2. What age were your children when you started involving them? 4 & 7 but I would have started earlier if I'd known about them. 4 is generally a great age to start.
3. Do you limit the amount of time the meeting is? Our meetings range from 10 to 15 minutes to 30 minutes depending on what's going on.
4. Do you have any special thing that you have found makes the meetings go well? Duct-tape parenting suggests appreciations at the beginning. I kind of like that idea since it makes the meetings not just about problems. YES! We always start with compliments and appreciations given to each person including yourself.
5. What do you usually talk about? After the compliments/appreciations we usually check in about what's going on - my children are older now. In the old days we'd discuss fun things we wanted to do together, we still do but it has a different flavor!, disputes, family jobs/responsibilities, meal ideas, trips, needs..... the list goes on and on.
You'll be so happy you started them - esp. when your kids get older - it's a wonderful mechanism for being in touch and staying connected. Even though they complain about them... I can tell the meetings provide an important touchstone for my kids. Hope this helps!! Lisa
Family Meetings are a big part of ''Positive Discipline.'' Check out this link for more information on how to structure them: http://positivediscipline.com/newsletters/family-meetings.html
And here is a link for a document on ''Family Meeting Do's and Don'ts:'' https://www.dropbox.com/s/68i0xnmym1rr6vs/Family%20meetings%20dos%20and%20donts.pdf
To answer your questions,
1. How often do you have them? Weekly.
2. What age were your children when you started involving them? About 4 3. Do you limit the amount of time the meeting is? YES! no more than 30 minutes, including ''Family Fun Time'' Shorter if kids are younger (my kids are 7, 11, and 14)
4. Do you have any special thing that you have found makes the meetings go well? Yes. We rotate leadership for the meeting, and who ever is in charge, gets to choose the family fun activity at the end of the meeting. We also agreed as a family on guidelines for the meeting (only one person talking at a time, for example). We do always start with appreciations, or compliments or gratefulness at the beginning.
5. What do you usually talk about? Here is our agenda:
- Gratitude / Appreciations
- Upcoming week (any big changes or events to make everyone aware of)
- Problem Solving -- we brainstorm solutions to problems (fighting, messes, etc.) and agree on a solution to try for the week.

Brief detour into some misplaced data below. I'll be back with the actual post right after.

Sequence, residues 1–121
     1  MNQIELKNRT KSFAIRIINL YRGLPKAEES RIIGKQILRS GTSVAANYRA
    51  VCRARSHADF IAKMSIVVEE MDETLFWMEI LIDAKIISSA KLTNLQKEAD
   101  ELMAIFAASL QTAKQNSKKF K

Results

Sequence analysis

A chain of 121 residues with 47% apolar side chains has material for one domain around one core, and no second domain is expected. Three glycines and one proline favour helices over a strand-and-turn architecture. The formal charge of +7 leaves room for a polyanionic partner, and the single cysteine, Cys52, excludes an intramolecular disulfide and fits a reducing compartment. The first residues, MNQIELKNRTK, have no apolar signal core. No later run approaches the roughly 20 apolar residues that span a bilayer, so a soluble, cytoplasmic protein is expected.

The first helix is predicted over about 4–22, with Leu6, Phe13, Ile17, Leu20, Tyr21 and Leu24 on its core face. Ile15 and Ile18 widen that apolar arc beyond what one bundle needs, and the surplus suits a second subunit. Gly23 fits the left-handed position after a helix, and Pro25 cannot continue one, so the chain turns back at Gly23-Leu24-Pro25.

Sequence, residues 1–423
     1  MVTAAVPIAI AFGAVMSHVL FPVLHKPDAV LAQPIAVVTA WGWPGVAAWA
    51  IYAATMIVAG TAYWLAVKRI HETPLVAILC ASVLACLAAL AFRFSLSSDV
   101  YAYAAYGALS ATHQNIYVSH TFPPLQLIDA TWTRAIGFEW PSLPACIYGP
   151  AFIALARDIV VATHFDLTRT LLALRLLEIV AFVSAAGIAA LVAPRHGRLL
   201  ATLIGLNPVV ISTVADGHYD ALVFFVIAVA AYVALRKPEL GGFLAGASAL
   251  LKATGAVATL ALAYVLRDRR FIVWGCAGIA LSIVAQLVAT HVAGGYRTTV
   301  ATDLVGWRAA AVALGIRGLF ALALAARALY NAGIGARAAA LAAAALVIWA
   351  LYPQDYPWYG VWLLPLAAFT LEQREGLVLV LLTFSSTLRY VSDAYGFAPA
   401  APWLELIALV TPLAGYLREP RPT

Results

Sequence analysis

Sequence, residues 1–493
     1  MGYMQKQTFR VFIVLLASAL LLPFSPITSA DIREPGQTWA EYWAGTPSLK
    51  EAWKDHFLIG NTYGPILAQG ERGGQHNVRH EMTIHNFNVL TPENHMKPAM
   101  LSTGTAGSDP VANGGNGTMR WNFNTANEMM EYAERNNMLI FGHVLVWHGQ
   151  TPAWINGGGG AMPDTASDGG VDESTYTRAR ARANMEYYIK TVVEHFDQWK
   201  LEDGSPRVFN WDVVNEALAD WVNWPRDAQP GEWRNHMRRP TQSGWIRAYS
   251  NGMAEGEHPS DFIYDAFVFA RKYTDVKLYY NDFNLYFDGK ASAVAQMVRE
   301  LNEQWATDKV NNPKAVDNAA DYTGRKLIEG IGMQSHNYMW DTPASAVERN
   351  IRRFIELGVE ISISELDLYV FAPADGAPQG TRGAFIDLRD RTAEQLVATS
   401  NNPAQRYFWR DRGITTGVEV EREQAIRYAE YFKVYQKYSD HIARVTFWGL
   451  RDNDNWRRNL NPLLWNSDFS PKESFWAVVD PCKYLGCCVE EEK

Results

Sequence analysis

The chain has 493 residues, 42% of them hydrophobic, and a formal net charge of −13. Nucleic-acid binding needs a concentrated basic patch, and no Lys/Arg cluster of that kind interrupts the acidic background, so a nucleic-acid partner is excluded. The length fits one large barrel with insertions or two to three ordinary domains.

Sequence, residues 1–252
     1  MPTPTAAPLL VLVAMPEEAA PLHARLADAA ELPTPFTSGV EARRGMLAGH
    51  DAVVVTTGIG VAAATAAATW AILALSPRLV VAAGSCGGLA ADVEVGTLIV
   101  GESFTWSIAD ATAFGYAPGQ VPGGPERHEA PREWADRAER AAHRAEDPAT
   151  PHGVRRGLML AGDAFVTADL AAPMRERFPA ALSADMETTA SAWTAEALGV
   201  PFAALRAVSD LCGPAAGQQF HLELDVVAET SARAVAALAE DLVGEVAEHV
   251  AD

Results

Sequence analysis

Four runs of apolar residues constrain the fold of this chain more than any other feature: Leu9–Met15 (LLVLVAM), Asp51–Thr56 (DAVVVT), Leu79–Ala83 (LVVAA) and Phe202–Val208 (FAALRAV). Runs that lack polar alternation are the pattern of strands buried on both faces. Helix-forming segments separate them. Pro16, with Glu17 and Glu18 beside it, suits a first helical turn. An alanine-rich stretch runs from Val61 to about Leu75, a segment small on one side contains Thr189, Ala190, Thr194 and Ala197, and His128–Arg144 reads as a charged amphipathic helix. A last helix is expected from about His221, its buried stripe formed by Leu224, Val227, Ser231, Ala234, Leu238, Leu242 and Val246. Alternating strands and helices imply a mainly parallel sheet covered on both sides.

- Family Fun
I swear by Family Meetings. Have Fun! Marcilie
Sometimes hard ones - especially as they got older and frustrated with one-another at times. But their persistence at our family meetings is how they ended up getting the dog they'd always wanted!
The main thing I wanted to add though, is that each week someone else in the family ran the meeting. That way it's not the parents in charge all the time - it went around the family and they learned how to run a meeting.
We also took minutes and read them at each meeting.
I love the idea of starting with something positive - wish we'd thought of that! Lauren
I'm curious... how many of you have regular family meetings? I grew up in a pretty unhappy home and we never had them. My husband wants to have family meetings 2-3 times a week. So it got me wondering what most families do. Do you have regularly scheduled meetings where you discuss finances, projects, problems, etc. or do you meet on an ad hoc basis as issues arise, or something else? anon
I ask, in part, because I had a family in which we had weekly ''family conferences'' which were AWFUL. Ostensibly, they were meant to be a chance for everyone to bring up anything they felt like discussing. What they ACTUALLY were was a chance for our dad and stepmom to guilt-trip the kids for all of our step-moms problems. They weren't fun for us kids and we didn't feel empowered. As an adult, I now see that these meetings were emotionally abusive. But I think that is because of how these were approached in MY family. I feel pretty sure that this is NOT what you are aiming for .
My point is only to recommend being very conscious about what you DO want, and what your expectations are. If these meetings are to discuss serious issues, discern ahead of time what is an age appropriate way for your kids to participate. Don't keep the meetings too long - set a specific time for them to start and end and *stick* to it (our ''family conferences'' went on for HOURS, I'm sure you can imagine how torturous that would be for kids to sit through).
Also, if the goal is to discuss serious issues (not to just have fun as a family) then I don't recommend meeting more than once per week. That's just not fair to the children, regardless of their age(s).
Which also suggests that, if you do have meetings to discuss serious stuff that you also have meetings just to have fun, or you keep the serious discussion to a certain (relatively short) period of the meeting and THEN do something fun, as a reward to you all for taking care of the serious issues.
I think, if approached in the right way, family meetings can be really beneficial: a way, as I spoke of, to empower your kids and bring the family closer. When my child is old enough, we will do something like this too.
Best of luck! anon